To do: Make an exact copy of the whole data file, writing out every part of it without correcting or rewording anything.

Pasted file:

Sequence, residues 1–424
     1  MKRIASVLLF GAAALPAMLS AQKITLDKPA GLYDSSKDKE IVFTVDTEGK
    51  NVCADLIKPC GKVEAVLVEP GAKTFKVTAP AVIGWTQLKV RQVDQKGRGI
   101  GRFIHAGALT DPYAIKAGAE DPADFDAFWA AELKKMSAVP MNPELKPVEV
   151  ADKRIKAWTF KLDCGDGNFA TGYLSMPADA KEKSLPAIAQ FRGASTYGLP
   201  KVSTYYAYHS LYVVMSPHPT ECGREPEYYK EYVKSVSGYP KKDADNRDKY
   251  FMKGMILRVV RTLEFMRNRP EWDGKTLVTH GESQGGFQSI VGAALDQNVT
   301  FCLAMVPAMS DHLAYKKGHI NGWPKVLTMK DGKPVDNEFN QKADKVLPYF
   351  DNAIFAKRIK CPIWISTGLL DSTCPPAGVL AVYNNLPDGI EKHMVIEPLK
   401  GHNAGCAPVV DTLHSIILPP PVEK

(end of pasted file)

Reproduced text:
Sequence, residues 1–424
     1  MKRIASVLLF GAAALPAMLS AQKITLDKPA GLYDSSKDKE IVFTVDTEGK
    51  NVCADLIKPC GKVEAVLVEP GAKTFKVTAP AVIGWTQLKV RQVDQKGRGI
   101  GRFIHAGALT DPYAIKAGAE DPADFDAFWA AELKKMSAVP MNPELKPVEV
   151  ADKRIKAWTF KLDCGDGNFA TGYLSMPADA KEKSLPAIAQ FRGASTYGLP
   201  KVSTYYAYHS LYVVMSPHPT ECGREPEYYK EYVKSVSGYP KKDADNRDKY
   251  FMKGMILRVV RTLEFMRNRP EWDGKTLVTH GESQGGFQSI VGAALDQNVT
   301  FCLAMVPAMS DHLAYKKGHI NGWPKVLTMK DGKPVDNEFN QKADKVLPYF
   351  DNAIFAKRIK CPIWISTGLL DSTCPPAGVL AVYNNLPDGI EKHMVIEPLK
   401  GHNAGCAPVV DTLHSIILPP PVEK